Muralidhar Rao
murali772's picture

coal - more dangerous

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Nuclear technologies come with significant ‘fat-tail’ risk (low probability of disasters, but very high impact if and when they occur) and can wreak havoc on all forms of life for multiple generations should things go wrong. That said, the fear and skepticism over nuclear fuel and associated technology and the resultant amount of attention and discussion on it often divert attention from what is arguably the most dangerous fuel of them all - Coal! That people die of unsafe work conditions while mining coal with crude pickaxes in states like Jharkhand is well documented. What is relatively less publicized, however, is the extent of human health damages due to operating coal power plants in the country.

- - - -It is also clear that much of this increase in electricity supply will have to be fuelled by coal due to energy security and cost considerations. Internalizing the true costs of coal usage (i.e. its contribution to global warming as well as to health damages) will increase the cost of energy and, in turn, slow down economic growth. The policymaker’s challenge in this situation, therefore, is determining the acceptable level of damages to keep the economic growth engine running and also figuring out how to compensate the people affected by this growth.


For the full report in India Together, click here.

Any development will necessarily entail some amount of environmental damage. How to keep it to the minimum is the challenge.

Muralidhar Rao
blrpraj's picture

every option has a flipside - which one has the least?

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I guess every energy option has a flip side. Nuclear power has flip sides in addition to what we saw at Fukushima; what to do with the nuclear waste?  Best example of Nuclear Waste problems is the problems being seen at the Hanford Nuclear reactor - http://rt.com/usa/washington-radiation-leak-nuclear-635/

 

We have seen the flipsides in fossil fuel (Oil/Coal etc) based power generation.

I guess even Solar power will have a few flip sides like...what goes into the production of SOLAR panels and how environmentally destructive that is. Also, how the panels are displosed off once they reach the end of their life. Another thing to consider is the massive environmental footprint involved in setting up the batteries that go hand in hand along with SOLR panels to store power for usage when the sun is not up. But still; SOLAR power seems to have the least environmental damage as there is very minimum "operational" environmental destruction as compared to fossil fuel based or nuclear based power.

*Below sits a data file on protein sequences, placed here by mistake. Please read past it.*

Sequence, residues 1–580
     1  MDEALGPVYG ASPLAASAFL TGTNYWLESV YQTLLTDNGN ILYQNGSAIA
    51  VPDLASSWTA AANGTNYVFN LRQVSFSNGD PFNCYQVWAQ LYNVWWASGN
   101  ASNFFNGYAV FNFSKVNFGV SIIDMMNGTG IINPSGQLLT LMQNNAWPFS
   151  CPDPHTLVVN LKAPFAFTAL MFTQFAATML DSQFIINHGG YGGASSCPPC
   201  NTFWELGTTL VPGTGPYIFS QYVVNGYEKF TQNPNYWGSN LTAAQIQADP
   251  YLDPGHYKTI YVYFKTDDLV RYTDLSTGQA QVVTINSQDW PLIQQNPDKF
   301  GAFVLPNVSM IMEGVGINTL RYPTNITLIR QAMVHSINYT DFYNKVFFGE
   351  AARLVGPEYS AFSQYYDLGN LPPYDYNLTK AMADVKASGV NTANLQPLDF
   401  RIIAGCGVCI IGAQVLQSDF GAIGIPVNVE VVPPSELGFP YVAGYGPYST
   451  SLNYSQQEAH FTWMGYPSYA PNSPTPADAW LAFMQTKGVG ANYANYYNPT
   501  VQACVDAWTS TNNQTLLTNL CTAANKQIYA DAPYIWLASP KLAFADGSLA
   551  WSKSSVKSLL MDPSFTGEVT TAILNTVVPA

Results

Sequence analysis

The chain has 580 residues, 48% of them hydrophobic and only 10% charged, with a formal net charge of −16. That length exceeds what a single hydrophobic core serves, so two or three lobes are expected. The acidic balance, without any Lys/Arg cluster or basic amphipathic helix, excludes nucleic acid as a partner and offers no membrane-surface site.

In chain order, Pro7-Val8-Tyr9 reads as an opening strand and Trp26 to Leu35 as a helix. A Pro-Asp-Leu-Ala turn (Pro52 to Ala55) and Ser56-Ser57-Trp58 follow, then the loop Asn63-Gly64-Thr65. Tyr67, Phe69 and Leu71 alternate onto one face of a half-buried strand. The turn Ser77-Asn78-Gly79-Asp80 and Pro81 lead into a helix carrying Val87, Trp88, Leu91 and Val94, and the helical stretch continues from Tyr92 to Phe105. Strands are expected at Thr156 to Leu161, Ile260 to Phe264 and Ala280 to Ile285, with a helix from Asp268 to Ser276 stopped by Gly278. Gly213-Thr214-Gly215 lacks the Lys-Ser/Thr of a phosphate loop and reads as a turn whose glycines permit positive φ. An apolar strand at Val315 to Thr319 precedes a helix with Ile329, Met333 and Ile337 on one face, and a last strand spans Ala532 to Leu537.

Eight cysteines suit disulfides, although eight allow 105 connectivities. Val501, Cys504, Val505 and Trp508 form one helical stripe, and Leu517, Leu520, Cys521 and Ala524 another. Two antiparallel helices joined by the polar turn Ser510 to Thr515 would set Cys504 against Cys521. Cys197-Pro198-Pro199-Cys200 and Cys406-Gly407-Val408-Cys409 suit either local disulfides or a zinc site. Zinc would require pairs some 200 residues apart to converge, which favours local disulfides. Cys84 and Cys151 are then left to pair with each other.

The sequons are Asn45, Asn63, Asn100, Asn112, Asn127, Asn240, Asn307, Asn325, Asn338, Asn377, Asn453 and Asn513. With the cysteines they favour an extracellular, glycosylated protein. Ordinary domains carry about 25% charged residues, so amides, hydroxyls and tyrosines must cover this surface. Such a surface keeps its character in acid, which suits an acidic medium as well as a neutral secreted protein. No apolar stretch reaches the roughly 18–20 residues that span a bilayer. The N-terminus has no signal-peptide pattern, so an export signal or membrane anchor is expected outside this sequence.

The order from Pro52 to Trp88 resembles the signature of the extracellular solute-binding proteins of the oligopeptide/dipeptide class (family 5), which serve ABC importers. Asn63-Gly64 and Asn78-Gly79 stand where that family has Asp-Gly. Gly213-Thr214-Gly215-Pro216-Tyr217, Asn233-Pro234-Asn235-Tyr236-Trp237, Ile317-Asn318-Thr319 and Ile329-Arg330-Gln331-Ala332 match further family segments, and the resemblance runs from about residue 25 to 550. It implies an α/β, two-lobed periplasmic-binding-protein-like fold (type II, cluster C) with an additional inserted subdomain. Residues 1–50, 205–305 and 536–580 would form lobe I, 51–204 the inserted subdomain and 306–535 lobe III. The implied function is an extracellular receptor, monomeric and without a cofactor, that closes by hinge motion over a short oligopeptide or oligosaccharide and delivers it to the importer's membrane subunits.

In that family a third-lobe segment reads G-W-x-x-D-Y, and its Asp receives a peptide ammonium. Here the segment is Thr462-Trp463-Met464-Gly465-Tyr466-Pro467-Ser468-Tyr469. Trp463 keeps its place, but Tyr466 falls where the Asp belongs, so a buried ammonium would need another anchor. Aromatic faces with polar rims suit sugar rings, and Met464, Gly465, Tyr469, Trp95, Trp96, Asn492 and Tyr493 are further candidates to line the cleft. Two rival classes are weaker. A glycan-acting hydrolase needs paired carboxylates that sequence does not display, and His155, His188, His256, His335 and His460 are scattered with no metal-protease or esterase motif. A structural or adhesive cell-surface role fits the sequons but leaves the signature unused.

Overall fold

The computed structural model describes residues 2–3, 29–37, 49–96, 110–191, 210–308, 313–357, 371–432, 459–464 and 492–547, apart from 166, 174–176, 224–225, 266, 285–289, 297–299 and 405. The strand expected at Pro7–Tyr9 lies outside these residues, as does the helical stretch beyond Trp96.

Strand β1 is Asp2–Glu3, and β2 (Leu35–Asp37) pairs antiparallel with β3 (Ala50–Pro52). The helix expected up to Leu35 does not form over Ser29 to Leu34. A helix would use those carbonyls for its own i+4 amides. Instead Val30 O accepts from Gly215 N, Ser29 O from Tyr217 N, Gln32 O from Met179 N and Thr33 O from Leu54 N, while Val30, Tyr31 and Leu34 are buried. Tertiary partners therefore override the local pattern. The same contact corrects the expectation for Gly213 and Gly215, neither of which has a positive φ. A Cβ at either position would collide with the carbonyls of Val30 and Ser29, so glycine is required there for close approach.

murali772's picture

didn't follow

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"operational" environmental destruction as compared to fossil fuel based or nuclear based power.

didn't follow - what is this in case of nuclear power?

Muralidhar Rao
blrpraj's picture

re: didn't follow

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"operational" environmental destruction as compared to fossil fuel based or nuclear based power.

didn't follow - what is this in case of nuclear power?

My answer :

I am no expert in energy generation field; but what i was referring to is the Nuclear waste generated in the course of Nuclear Power generation and the associated consequences. I would like to draw your attention to this -

http://www.iaea.org/Publications/Magazines/Bulletin/Bull202/20205083242.pdf

I would like to draw your attention to these sentences from the above article -

1) "It is true that non-nuclear wastes andpollutants affect man and his environment and some may have genetic effects but in the case of radioactive wastes, the damage would be more potential and not easily reparable  [page 40]

2) "the actmides in thespent elements will remain dangerously radioactive for hundreds of thousands of years" [page 37]

The other article is 

http://www.huffingtonpost...

But, it appears that Nuclear power generation does seem to have a lower environmental impact though judging by what is written in the IAEA article (but again, i am not an expert and don't know). Hopefully, my response clarifies what i was trying to say by "operational" environmental impact of Nuclear Power. 

murali772's picture

major plus factor

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Nuclear power generation does seem to have a lower environmental impact

This in fact is what is generally considered the biggest plus factor in favour of nuclear energy. If not for this, it wouldn't be in the reckoning even considering the serious -ve aspects

Muralidhar Rao
murali772's picture

Britain going nuclear anew

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Britain on Monday paved the way for its first nuclear plant in a generation, to be built by state-owned foreign firms, underlining the government's controversial commitment to atomic power. The coalition government signed a £16-billion ($26-billion, 18.9-billion-euro) deal with French energy giant EDF to build two reactors at Hinkley Point C, southwestern England, to meet Britain's future energy needs. Also involved in the contract are French group Areva — the world's leading nuclear power company — and Chinese nuclear firms CGN and CNNC.

Energy Secretary Ed Davey said the deal, subject to European Union approval, was necessary as Britain faced a "looming energy crisis" in the next decade owing to years of under-investment. Britain has placed nuclear power at the heart of its low-carbon energy policy, in stark contrast to Europe's biggest economy Germany, which vowed to phase it out in the wake of Japan's 2011 Fukushima disaster.


For the full report in the ToI, click here.

Well, food for thought for us too.

Muralidhar Rao